Starting or improving one’s career is an exciting and often anxiety-producing effort. The old maxim that it’s best to find your next job while still in your current one remains true. You are dealing from a position of strength and can take time to assess your goals and compare alternatives, a luxury many unemployed people don’t have. Here are a few tips for all job seekers in the search for the best company or position that fits your interests, in advance of AMA Boston’s “Career in Focus” event on April 23rd.
- Define your goals and interests: What are your primary skills? What do you enjoy doing? Do you like working in large organizations, or fast-moving, agile but often more chaotic ones? Before you start your first, or next, search, think through what industry/ies you’re interested in, factoring in the future projections of their success and prominence in your preferred geographical areas, if you have any. In addition, determine what functional positions are most appealing; are you passionate about design, engineering, strategy, number-crunching, sales, or other areas?
- Discover potential companies and positions: Though books can, and have, been written just on this part of the job search, the following snapshot may be useful:
- Research companies and industries: You want to take control of your search, not float resumes out there and hope you will be contacted. Researching your areas of interest, both by industry and your functional area, are the best way to learn and uncover potentially hidden opportunities. Sign up for Google alerts on companies that interest you, visit their websites and social media channels, read about the industry in vertical publications, search for trends and best practices in the functional areas of interest, sign up for targeted e-newsletters, research industry-leading people and companies on LinkedIn , and network with friends in your current or potential field.
- Job fairs: Look for job fairs in your geographic area. Many groups sponsor these, including companies themselves, national and local organizations that develop the job fairs and recruit companies to attend, and state unemployment offices.
- Recruiters: There are two basic types of search firms, retained and contingency. Retained forms work for the company or organization only, and have exclusive rights to a specific search, while contingency firms and recruiters will often work with a candidate directly, and they compete with job postings, other placement firms, and the company’s recruiters. Retained firms will have more high-level positions, and they will contact you if they see a possible match, so they will usually spend time to know you and your skills. Contingency firms or recruiters handle many lower-level searches and are not guaranteed payment, so they don’t have a high level of personal interaction with the candidate.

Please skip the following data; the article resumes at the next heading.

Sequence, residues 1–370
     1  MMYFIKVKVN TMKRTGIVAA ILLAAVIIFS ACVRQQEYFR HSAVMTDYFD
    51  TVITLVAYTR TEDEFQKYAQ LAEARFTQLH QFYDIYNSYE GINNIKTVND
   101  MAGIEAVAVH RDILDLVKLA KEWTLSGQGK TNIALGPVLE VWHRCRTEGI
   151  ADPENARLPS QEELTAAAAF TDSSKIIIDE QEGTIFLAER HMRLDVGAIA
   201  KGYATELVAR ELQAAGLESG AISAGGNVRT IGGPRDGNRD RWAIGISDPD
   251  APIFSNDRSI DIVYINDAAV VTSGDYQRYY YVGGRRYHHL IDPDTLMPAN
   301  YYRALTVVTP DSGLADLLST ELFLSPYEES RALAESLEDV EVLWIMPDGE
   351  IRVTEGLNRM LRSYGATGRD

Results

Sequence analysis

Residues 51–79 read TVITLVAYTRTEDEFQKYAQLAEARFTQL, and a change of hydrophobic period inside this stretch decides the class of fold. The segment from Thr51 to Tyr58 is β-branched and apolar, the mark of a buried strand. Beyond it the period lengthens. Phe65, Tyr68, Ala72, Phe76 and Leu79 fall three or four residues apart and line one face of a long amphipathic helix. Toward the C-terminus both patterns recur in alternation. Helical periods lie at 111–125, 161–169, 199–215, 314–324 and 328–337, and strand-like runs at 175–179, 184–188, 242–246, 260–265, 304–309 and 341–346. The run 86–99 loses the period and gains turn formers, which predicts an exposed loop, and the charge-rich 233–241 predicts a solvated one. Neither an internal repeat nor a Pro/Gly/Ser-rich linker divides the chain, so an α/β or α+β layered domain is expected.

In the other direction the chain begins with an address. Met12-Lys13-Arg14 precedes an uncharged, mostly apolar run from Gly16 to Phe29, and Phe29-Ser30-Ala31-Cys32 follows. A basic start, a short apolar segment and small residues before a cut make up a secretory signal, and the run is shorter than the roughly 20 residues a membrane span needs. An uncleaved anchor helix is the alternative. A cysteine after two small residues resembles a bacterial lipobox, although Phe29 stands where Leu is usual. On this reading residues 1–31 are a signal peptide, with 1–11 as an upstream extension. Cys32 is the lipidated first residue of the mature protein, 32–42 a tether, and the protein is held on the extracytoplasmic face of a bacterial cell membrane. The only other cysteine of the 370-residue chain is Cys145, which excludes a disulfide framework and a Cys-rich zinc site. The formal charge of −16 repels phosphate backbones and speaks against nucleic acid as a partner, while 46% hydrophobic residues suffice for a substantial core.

- Online job sites: Indeed is the primary aggregator of results, while there are many other general sites such as Monster, LinkedIn, Career Builder, Simply Hired, College Recruiter (for younger seekers), US Jobs, and dozens more. Once you have refined your strategy, you can also find many industry-specific sites, such as Dice in technology, Broker Hunter or Financial Job Bank in financial services, HealthCareJobs.com, and many others.
- Alerts: On any of these sites, you can set up alerts to be emailed when a new job is posted based on your criteria of position, geography, salary, etc.
- Networking: Don’t overlook the obvious when trying to increase your knowledge of, and presence in, the marketing scene. Get in contact with friends, family, colleagues and former colleagues, classmates and others who can provide useful insights into their jobs and introduce you to their contacts. Personal connections to an organization are still the best way to break through the clutter. Joining and contributing to both in-person and online industry or job-related groups is another excellent way to network, as it not only increases your contact with like-minded professionals, but also enhances your skills as you learn from your new friends and work on group assignments.
- Improve your LinkedIn profile and connections: For many business-related positions, LinkedIn has become a full-service destination. While researching companies and individuals and enhancing your connections has huge value, don’t forget the “inbound” benefits. By building a powerful profile that accurately conveys your skills and interests with relevant keywords, adding your key accomplishments such as proven results, awards, and articles published, and showing testimonials from colleagues or mentors, you can attract people to find your profile. Just as inbound and content marketing are changing marketing from push to pull, your chances increase if others find you in their search for top performers. LinkedIn itself is a major undertaking – start here with advice from the horse’s mouth.
- Networking through LinkedIn connections is likewise a significant time investment, but with massive potential for you to expand your relevant Start with people you know and send them a connection request, ideally with a brief introductory message. Once you connect with a person, you can ask for a next step such as a conversation or the right to view their first level connections, which are visible once you two are connected. One of the underestimated benefits of LinkedIn is to see those second level connections, especially of people with whom you have a strong relationship.
AMA Boston hopes that these tips will be a good start as you get your “Career in Focus.” We look forward to seeing you at our next event on April 23rd!